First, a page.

Advertisement NEWSROOM

Stephen Harper Was Ballot Question: Canadians Rejected Him 

                     And His Divisive Vision Of Canada


             Justin Trudeau Must Now Implement Democratic Reform 

          So Leaders That 60% Of Voters Oppose Can No Longer Rule


By Susanna Kelley

If the old adage "governments are voted out, not in" is true, and it is, the message of Election 2015 is crystal clear: Canadians have overwhelmingly rejected Stephen Harper and elected Justin Trudeau and his Liberals - a man with a view of Canada Mr. Harper profoundly opposed and the leader of a party he despises.

Canadians have not only rejected the man himself but the vision of Canada that he presented in this campaign: mean, closed, fearful, xenophobic, racist, corrupt and one in which he would attempt to buy voters by slicing and dicing the electorate into specific demographics who were then offered various boutique bribes - tax cuts, income splitting etc. - to attract their votes.

So make no mistake: the issue in this election was Stephen Harper himself, and Canadians overwhelmingly rejected him.

The proof is in the avalanche of votes that broke in the last several weeks of the campaign.  Approximately 70 per cent of voters polled said they wanted a change of government but until the last weeks, it was unclear whether they would make the Liberals or the NDP the agent that change. Polls showed Liberal supporters' second choice was the New Democrats and vice-versa. For many it came down to which party had the best chance of ousting Harper. When it became clear the Liberals were moving up in the polls, many New Democrat supporters abandoned that party and switched to the Liberals. The Anybody But Harper movement was visceral in the land.

Mr. Trudeau's vision of "sunny ways" - a nod back to one he calls his second favourite Prime Minister, Sir Wilfrid Laurier -  "hope and hard work," inclusiveness, celebrating Canada's diversity by standing against the anti-Muslim racism of Mr. Harper's campaign, an emphasis on the middle class and his mantra that "Canada can always be better" was an appealing one for voters tired of Mr. Harper's divisive, wedge-issue style of politics.

Ironically, that wedge issue politics was, in the end, Mr. Harper's undoing.  For it was when Mr. Harper raised the niqab issue in the first French language debate on September 24th that the bleeding of NDP support in Quebec began, which prompted its polling numbers nationally to begin to fall, and it gradually appeared over the next few weeks to be less and less the party that could defeat Mr. Harper. Voters then chose to abandon the NDP en masse in the last several weeks of the campaign and switch to the Liberals just when the Conservatives needed the NDP to remain strong to split the anti-Harper vote.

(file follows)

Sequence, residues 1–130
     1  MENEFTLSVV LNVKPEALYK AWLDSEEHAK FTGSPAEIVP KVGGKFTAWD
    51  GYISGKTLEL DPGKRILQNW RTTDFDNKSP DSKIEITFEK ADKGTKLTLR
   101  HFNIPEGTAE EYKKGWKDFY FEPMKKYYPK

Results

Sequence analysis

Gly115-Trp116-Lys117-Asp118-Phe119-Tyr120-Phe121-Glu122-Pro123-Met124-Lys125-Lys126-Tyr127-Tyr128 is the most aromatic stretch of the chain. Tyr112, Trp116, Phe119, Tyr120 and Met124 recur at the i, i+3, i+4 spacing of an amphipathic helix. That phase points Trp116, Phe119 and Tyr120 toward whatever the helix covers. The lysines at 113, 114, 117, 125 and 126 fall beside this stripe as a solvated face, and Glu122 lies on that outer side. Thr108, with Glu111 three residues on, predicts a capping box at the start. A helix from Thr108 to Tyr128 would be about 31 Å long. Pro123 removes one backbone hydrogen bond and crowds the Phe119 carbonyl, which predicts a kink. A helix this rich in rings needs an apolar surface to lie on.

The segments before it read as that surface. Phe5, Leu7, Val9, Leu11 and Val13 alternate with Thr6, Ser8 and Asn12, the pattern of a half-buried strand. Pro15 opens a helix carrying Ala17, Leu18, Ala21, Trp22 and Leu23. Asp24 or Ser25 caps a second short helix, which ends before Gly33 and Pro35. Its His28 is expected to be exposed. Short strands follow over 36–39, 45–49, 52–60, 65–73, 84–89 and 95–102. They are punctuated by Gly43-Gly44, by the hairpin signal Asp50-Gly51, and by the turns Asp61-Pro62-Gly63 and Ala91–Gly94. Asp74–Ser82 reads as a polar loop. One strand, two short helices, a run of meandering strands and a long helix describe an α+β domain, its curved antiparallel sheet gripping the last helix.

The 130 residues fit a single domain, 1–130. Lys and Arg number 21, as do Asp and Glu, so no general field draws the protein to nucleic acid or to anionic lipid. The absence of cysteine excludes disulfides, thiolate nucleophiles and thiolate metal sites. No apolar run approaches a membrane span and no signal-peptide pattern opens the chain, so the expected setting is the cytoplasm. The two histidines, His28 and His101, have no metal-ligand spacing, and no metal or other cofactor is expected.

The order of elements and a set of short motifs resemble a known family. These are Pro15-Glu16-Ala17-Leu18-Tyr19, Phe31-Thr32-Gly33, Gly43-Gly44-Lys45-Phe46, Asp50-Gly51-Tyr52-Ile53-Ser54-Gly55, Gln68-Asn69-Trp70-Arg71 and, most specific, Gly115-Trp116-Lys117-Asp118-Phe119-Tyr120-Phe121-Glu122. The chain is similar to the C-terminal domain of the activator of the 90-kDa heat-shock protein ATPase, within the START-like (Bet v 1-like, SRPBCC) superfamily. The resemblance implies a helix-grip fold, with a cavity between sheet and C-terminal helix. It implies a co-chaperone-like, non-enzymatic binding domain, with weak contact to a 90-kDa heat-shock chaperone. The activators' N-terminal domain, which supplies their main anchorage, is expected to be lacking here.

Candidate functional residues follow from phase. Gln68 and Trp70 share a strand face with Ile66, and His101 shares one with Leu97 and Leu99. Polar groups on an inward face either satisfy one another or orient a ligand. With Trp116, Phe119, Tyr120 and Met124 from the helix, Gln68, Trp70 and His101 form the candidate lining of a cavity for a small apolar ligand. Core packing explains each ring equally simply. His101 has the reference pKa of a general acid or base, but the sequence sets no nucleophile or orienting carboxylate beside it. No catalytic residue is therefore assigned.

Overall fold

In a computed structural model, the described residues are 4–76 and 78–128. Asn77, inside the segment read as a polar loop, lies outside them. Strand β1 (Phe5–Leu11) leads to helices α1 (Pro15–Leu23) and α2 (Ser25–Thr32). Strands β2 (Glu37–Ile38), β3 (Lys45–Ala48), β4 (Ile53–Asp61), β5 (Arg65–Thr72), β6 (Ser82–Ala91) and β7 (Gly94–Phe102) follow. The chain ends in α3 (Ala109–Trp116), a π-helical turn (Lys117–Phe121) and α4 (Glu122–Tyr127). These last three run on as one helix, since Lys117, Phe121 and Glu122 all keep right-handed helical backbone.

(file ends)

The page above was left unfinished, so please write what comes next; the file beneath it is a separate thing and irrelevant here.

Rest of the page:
It will be discussed for years whether Mr. Mulcair should have come out so strongly against the demonization of the niqab in that debate, which then began the slide. But leaving aside how unprincipled it would have been for him to soft-pedal an issue on which he had a clear opinion, it would also have been pretty hard to do so in a province where "religious accommodation" had already been such a hot issue for several years.

Likewise the criticism that the NDP should not have stood for a balanced budget. Could you seriously have imagined the outcry had it not? "Spendthrift socialists" would have been the pundits' cry throughout the land. "See, they can't possibly be trusted to manage the economy!"   That issue was a no-win for Mr. Mulcair from the get-go.

But how ironic that Mr. Harper, who had a reputation as a great political strategist, so miscalculated in the niqab issue as to begin the avalanche that eventually defeated him. 

It was always a long shot that Mr. Harper would be re-elected, as he headed an old tired government awash in the Duffy, Wallin, Brazeau, robocall and other scandals.

One has to speculate that Mr. Harper ran again this time largely because he thought he could finally finish off his most despised rival, the Liberal party, which at that point was in third place. It must particularly sting that his own niqab miscalculation led to his defeat by the party he most hates and by the son of a Prime Minister he most despised: Pierre Trudeau.